GSA: Building a Safe Community, In School and Beyond

by Melanie Zhang ’22

Source: ACLU

Published May 10th, 2021

High school is often a time when LGBTQIA+ students struggle with identity and acceptance. MHS’s Gay-Straight Alliance (GSA) hopes to change this by providing a place where these students can be themselves while also working towards change in both local and broader communities. 

First and foremost, the GSA is a place where all are welcome. “Our primary goal is always to provide [a] safe space for our LGBTQ+ students and their allies. At our meetings, no one ever has to worry that they’ll be targeted or criticized because of their gender identity or sexual orientation,” says Ms. Muzaurieta, the club’s advisor. The GSA provides students with a sense of community and a place to relax and decompress after school. Members create new friendships and memories while learning about LGBTQIA+ history usually left out of mainstream media.

In addition to providing a welcoming space, the club is a place where members’ voices are heard and valued. “The club holds many discussions about identity and fun activities such as movie viewings with positive representation… We [also] have community speakers provide advice and stories,” says Victoria Lang ‘21.

The impact of the club also extends beyond its members, Victoria adds, explaining that “the club has also provided basic information and training about LGBT identity to staff in digestible chunks” to help staff better understand both their students and methods to be better allies.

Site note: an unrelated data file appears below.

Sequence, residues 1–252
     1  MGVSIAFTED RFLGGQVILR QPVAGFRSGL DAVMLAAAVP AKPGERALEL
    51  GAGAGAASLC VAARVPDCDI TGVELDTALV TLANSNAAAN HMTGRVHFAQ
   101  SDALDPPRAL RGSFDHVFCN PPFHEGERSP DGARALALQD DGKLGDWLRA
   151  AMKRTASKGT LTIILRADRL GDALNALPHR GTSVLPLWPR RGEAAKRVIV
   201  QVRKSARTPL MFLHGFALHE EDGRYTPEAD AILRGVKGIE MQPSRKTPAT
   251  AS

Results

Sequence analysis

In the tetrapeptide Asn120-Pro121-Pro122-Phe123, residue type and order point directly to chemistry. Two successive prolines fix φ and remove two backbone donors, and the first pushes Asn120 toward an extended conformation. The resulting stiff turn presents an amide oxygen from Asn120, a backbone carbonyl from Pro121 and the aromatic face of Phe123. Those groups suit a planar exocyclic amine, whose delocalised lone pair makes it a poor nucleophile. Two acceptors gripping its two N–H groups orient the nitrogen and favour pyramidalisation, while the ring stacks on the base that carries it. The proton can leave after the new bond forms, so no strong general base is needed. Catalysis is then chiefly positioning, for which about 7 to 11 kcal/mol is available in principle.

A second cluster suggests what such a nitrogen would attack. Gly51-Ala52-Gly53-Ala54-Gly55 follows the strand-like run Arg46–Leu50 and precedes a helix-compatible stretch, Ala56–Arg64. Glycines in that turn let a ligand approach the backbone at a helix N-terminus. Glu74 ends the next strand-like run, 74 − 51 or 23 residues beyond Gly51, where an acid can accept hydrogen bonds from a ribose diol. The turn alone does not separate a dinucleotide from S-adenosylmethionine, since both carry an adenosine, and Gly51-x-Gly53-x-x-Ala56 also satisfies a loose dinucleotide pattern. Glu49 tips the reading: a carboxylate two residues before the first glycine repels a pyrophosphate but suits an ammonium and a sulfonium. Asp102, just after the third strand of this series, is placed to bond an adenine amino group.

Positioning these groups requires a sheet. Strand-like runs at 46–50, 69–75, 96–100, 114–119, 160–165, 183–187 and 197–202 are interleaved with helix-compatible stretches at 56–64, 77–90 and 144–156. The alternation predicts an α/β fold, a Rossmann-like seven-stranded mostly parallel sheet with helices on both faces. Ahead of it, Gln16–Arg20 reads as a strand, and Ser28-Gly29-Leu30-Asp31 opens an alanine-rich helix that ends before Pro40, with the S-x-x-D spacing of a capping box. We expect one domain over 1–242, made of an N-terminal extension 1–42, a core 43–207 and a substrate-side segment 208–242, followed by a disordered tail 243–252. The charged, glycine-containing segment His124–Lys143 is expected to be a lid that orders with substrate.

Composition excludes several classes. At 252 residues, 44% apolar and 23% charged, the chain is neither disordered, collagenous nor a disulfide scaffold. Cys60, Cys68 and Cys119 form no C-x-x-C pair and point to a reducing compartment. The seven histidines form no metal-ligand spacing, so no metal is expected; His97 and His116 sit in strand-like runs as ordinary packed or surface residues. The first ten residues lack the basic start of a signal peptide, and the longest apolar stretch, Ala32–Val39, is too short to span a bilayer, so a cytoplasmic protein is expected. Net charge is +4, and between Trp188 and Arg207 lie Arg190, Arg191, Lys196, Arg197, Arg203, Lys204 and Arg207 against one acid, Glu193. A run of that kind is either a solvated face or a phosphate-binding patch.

The GSA has also introduced club members to community leaders and organizers, participated in large events such as New Jersey’s annual GSA Forum, and worked on curriculum updates to reflect and celebrate diversity at school. In general, the club seeks to educate, inspire, and make lasting positive change in the world. 

Unfortunately, the pandemic has had a detrimental effect on the club’s efforts. Whether it’s because of a lack of privacy at home, or the eye strain of longer periods spent on a computer, fewer people have been attending club meetings. 

“Just showing mild attendance and stopping by would definitely be appreciated,” Victoria says, adding that she hopes membership and interest in the club will increase again. “When members who [sic] get what they need out of the club and go their separate ways… the club dwindles down a bit. Those who would need the club in the future may not get the same experience since the group won’t be at its prime.” 

The club also wants to let other students know that they have more in common with GSA members than they think – the club is a place for everyone, not just LGBTQIA+ students. After all, they’re just ordinary people with hopes, dreams, and lots of homework.

%d bloggers like this: